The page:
This is one reason why many developing nations struggle especially hard with mosquitoes – it is difficult to remove all standing water in countries without sufficient means of disposing of household trash, which can collect water when dumped outside).

What are Mosquito Bracelets/Stickers?

Mosquito bracelets and stickers are wearable products that contain materials that are said to be effective at repelling mosquitoes. So instead of spraying a mosquito repellent on yourself like DEET, you (supposedly) just wear a small item and it keeps mosquitoes away.

They can come in a few different forms, the most common being a bracelet or wristband, or a peel-off sticker. They can be worn on the wrist, and some companies even produce them as roll-on product to be used directly on the skin. The exact length of time manufacturers claim these products last depends on the specific company. Some say they last for two weeks, others for just a few days.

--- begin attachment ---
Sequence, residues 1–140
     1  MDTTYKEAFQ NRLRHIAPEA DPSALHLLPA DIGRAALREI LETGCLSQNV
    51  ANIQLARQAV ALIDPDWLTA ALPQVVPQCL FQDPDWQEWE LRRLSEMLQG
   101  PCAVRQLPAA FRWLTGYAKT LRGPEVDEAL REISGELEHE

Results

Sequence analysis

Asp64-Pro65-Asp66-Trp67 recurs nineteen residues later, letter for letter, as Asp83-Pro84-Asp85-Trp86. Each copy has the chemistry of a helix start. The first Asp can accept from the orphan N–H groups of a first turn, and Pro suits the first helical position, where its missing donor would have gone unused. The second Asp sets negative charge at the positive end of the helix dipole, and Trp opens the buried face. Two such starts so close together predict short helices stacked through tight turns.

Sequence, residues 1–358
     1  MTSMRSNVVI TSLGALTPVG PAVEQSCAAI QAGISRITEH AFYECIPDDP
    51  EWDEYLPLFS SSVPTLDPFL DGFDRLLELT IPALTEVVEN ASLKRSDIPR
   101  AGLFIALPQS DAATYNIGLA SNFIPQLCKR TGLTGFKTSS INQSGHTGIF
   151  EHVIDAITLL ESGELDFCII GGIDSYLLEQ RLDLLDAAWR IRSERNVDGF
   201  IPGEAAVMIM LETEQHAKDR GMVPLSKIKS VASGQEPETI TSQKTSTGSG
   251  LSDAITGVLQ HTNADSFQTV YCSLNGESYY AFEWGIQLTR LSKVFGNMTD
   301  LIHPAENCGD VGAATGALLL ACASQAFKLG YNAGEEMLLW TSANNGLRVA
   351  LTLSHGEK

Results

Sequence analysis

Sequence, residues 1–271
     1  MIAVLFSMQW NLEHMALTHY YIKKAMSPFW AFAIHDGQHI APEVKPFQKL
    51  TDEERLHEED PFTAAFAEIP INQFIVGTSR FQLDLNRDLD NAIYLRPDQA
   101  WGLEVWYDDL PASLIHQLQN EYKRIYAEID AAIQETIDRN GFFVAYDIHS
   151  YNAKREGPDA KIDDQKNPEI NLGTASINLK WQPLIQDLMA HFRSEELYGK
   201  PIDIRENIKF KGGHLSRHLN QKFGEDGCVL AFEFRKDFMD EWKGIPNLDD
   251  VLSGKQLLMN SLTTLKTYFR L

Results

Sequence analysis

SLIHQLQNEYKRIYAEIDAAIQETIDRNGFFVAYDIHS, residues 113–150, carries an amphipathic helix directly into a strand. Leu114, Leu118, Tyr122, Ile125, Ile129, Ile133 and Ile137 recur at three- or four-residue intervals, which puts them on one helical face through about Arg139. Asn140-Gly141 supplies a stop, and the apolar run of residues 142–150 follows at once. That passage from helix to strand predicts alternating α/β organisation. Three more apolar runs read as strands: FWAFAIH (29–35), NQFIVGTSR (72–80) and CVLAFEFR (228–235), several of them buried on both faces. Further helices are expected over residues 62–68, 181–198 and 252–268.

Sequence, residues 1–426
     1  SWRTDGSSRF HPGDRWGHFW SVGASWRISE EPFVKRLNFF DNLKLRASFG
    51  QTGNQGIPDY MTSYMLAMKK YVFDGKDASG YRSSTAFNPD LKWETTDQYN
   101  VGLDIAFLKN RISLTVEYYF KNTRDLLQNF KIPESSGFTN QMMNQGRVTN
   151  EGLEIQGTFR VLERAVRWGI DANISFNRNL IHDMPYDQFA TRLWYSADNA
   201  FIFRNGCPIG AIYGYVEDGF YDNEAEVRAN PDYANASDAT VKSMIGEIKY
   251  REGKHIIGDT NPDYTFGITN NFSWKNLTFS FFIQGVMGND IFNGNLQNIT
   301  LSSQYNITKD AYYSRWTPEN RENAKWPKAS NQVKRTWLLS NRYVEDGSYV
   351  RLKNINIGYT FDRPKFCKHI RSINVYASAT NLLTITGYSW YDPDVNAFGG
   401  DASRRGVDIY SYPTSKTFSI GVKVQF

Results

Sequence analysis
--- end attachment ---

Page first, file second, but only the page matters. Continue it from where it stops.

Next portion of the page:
Do Mosquito Bracelets Actually Work?

As is the case for many questions in life… it’s complicated. The short answer is – not as well as you’d hope, and sometimes not at all.

Exactly how well these products work depends on what your expectations are for them and how you use them. To explain, why, let’s go into some detail about what repels mosquitoes

What Attracts and Repels Mosquitos?

Female mosquitoes (the only ones who bite) are primarily attracted to carbon dioxide, the gas we exhale. This is a very effective way of tracking humans since we can never stop breathing. Once the mosquito gets closer, it can be further attracted to high body heat, and other subtle chemical factors.